The voracity with which users have taken to mobile internet has once again turned digital on its head; just who will be a winner in this cyber sweepstakes remains to be seen.
How much do you really enjoy browsing the internet on your phone? Having it within easy reach is certainly useful, but it’s fiddly to use. Apart from difficulties with fat-finger typing, predictive texting can turn our messages into something laughably different to what we were intending. All in all it can be a bit of a struggle.
Despite these drawbacks, there’s no stopping its popularity. Whereas three years ago only 15 percent of page views worldwide came from mobile devices, by now that figure had risen to over 40 percent and further explosive growth is forecast. The new motto therefore is “mobile first”.
The impact of this goes further than having to put up with an awkward little screen. After a difficult start in the 1990s (who still remembers the first internet bubble?) it looked like the digital business models were maturing. Building a promising internet business is no longer just a matter of finding ways to increase your unique page views; today you can also earn good money from advertising subscriptions and e-commerce.
Mobile fans claim earning opportunities can only get better in the mobile world. Your phone knows where you are and that means more relevant services and information being offered while all you have to do to pay for it is click or swipe. What these fans fail to mention, however, is that not only does this require a certain level of investment, but the “winner takes all” effect is far stronger than for the PC.
New obstacles to monetising your site
What does this mean for businesses active on the internet? Firstly, developing mobile websites and apps for the different devices and operating systems such as Android, iOS and Windows, all costs money. And that’s on top of what business is already spending.
Of even more concern is the pressure on revenues. Rates for mobile advertising are considerably lower than for online advertisements designed for PCs. And although mobile internet is very popular on the market, the advertising click through rate is still low. The complaint used to be about how analogue euros converted into digital dimes; now they’re turning into mobile cents, the only exception is Facebook which successfully incorporates advertisement messages in its timeline.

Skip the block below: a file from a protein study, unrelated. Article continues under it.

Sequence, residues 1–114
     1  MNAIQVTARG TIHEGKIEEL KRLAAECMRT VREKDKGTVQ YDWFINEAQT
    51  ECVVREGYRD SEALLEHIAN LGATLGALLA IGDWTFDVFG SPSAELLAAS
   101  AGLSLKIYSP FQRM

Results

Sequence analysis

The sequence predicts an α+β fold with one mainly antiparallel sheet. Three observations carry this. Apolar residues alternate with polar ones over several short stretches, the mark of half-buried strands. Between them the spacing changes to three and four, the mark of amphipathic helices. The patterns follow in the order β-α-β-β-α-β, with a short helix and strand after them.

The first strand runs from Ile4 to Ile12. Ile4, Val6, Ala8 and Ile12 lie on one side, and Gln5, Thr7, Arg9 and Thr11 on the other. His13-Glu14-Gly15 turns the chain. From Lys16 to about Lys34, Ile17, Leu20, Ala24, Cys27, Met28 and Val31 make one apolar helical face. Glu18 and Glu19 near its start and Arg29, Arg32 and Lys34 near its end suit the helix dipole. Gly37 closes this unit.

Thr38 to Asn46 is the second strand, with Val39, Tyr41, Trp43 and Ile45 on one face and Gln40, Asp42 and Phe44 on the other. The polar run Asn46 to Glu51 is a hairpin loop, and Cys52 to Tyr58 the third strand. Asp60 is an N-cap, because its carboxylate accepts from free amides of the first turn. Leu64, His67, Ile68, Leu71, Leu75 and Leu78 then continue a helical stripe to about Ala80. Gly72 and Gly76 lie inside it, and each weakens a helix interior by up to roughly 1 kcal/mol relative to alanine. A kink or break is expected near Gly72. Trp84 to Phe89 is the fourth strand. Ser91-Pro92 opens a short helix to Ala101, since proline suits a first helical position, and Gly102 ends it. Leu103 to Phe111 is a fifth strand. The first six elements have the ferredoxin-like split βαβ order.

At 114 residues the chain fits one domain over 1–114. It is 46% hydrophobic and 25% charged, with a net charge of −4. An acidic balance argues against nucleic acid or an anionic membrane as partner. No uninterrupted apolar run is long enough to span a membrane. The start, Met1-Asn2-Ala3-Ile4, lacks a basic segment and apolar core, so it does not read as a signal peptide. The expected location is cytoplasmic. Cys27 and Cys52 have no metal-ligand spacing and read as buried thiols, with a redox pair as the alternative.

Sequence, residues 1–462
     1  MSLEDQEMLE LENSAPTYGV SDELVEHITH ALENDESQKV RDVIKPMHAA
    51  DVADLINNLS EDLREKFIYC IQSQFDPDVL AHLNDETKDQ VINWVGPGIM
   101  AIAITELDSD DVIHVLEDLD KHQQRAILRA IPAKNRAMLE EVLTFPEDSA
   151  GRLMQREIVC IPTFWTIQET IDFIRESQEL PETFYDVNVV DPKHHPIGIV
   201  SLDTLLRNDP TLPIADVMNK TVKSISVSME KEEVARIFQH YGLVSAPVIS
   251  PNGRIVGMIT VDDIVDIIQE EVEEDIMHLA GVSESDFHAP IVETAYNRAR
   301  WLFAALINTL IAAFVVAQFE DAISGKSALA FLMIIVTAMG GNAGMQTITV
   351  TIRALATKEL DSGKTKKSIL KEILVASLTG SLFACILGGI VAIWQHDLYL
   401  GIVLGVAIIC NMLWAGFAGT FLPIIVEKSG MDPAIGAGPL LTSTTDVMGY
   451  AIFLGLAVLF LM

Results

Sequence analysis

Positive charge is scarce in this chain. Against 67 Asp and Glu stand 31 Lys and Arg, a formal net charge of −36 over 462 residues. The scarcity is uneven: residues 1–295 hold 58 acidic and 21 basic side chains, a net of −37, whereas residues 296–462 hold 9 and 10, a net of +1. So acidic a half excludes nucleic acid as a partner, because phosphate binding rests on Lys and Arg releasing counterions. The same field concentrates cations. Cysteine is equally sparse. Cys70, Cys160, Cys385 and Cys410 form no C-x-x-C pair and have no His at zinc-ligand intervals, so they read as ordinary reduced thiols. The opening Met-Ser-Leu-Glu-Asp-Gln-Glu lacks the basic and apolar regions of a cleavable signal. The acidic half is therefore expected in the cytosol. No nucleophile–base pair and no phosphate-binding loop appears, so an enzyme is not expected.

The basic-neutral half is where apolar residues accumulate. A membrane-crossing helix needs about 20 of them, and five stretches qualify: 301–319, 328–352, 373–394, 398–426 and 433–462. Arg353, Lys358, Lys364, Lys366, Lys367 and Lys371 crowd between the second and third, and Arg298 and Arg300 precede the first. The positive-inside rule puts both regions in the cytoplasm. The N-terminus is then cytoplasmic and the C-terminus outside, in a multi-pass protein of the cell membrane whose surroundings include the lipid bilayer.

Another factor of change is the nature of the playing field. Whereas the ‘ordinary’ internet is set up for people to browse and visit many sites, the influence of apps on the mobile web makes it even harder for small sites to attract visitors. In fact 80 percent of the time we spend browsing our mobiles is via apps rather than mobile websites and we use far fewer apps than websites.
On average we download about 60 apps a year. Of these we keep around 30 on our phone and use between 10 and 15 of them a month. Searching for the right apps to download is still very primitive, a bit like the internet was before Google. Apple and Google obviously play an important role in this as not only do they impose strict conditions on app contents but they also get a significant share of the revenues.
Back to the 90s – a state of transition
All in all it’s like we’re back in the 1990s when the internet first came onto the scene: low transparency on the supply side; strong intermediaries determining much of what is on offer; and low revenues. But just like then, we’re in a transition phase. Companies are working hard to develop new technologies, such as deep links and HTML5, to break open this closed world and close the gaping hole between apps and websites. Meanwhile interesting experiments with new earnings models are also underway. We can’t know how and when the mobile internet will reach maturity, but until then I’ll be keeping my laptop with me on my travels.
Written by Annet Aris,Adjunct Professor of Strategy at INSEAD